As many new presidential administrations do, Donald Trump’s is promising to take action on improving the country’s infrastructure. How fast it can move ahead might depend on which environmental and other regulations stay and which ones go.
This recent article from the Wall Street Journal titled “Speed Limits Await Infrastructure Spree” looks at some of the things that might delay the process—notably, what many of the people interviewed for the article consider excessive environmental regulation. It points out that infrastructure projects and spending by the two previous administrations were also hampered by lengthy environmental review; in 2015 Congress exempted some bridge replacement projects from those reviews.Learn from the best – join us at StormCon, The North American Surface Water Quality Conference & Expo! We’ll be in beautiful Bellevue, WA (just outside Seattle) this August 27-31 and your peers from around the country will be there. Loads of classes, workshops & field trips to choose from. Check out the program here!
“’I am totally for the national and statewide environmental laws,’” says one of the people interviewed in the article, the executive director of the Southern California Association of Governments. “Still, ‘sometimes it gets to be ridiculous.’” He is specifically referring to a 6-mile freeway extension in Los Angeles that was approved nearly 60 years ago, according to the article, and because of legal delays and environmental reviews still has not been completed.
With Scott Pruitt confirmed last week as the new EPA administrator, though, many environmental groups are expressing grave concerns about possible cutbacks in environmental regulation and oversight. As the attorney general of Oklahoma, Pruitt sued EPA several times, opposing what he viewed as federal overreach. He has argued that the states, not the federal government, should have regulatory primacy in environmental matters. One of the measures he opposed was Clean Water Rule, which was proposed by EPA and the Army Corps of Engineers to clarify what is and is not covered by the federal Clean Water Act. We’ve covered some aspects of the Clean Water Rule here.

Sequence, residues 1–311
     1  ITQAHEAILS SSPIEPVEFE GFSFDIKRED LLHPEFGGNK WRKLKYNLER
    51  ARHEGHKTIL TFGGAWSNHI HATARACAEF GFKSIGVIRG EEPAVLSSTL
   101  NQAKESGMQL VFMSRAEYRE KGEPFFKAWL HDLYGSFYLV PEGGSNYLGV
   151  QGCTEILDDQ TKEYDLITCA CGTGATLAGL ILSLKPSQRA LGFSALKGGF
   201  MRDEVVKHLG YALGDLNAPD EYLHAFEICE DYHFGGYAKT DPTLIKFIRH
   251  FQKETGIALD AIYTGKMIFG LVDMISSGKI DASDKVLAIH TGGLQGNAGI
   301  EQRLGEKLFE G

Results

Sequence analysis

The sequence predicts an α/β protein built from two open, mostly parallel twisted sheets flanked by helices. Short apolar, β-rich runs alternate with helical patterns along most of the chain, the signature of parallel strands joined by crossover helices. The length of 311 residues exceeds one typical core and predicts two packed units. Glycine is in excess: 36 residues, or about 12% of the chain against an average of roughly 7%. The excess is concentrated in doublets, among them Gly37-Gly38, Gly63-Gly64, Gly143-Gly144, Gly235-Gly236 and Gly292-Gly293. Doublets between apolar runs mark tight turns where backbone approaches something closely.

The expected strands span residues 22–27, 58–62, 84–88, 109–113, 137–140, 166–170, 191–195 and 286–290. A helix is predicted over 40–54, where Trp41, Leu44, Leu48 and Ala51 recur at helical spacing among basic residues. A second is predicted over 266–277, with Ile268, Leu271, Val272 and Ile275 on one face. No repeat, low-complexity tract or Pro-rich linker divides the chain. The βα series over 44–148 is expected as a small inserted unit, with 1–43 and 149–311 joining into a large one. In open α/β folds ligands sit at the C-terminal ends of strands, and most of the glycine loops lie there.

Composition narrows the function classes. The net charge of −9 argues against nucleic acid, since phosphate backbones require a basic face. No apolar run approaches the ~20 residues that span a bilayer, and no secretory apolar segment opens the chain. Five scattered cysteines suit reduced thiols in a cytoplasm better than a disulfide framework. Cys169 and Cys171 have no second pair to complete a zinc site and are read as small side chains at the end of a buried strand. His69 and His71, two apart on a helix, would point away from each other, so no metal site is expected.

The executive director of the Rainforest Action network, in a statement, called Pruitt’s confirmation “an insult to the very name of the Environmental Protection Agency”; the executive director of Voces Verdes, a network of Latino business leaders who support sustainable environmental progress, said, “We are appalled.” The environmental group Friends of the Earth declared, “Donald Trump selected Scott Pruitt to oversee the dismantling of the Environmental Protection Agency.” There are many more such reactions.
Here, again from the WSJ article, is the view that regulations cause excessive delay: “Reviews under the National Historic Preservation Act of 1966, the National Environmental Policy Act [NEPA] of 1970, the Endangered Species Act of 1973, and other laws can involve multiple agencies before permits are issued. Completing the process took an average of almost 10 years for major highway projects that received their final review in 2015, up from about five years in 2005.” The article presents several examples of work that has been held up because of environmental reviews and lawsuits.
The article focuses particularly on environmental impact statements, which are required under NEPA for large projects, “detailing how they would alter surroundings while offering ways to mitigate damage.” But today, it says, even on project where an environmental impact statement isn’t required, officials might spend years “working through every detail” for fear of being sued sometime in the future. There has been much discussion in the medical field about limiting or capping the dollar amount of malpractice suits, which proponents say would cut medical costs overall. Could some similar limit or protection be put in place in the environmental arena?
What’s your view? Is it possible to streamline the environmental review process without weakening the protections it provides? Would you do so across the board, or mainly for critical projects that affect public safety—failing bridges or dams, for example? Leave a comment below.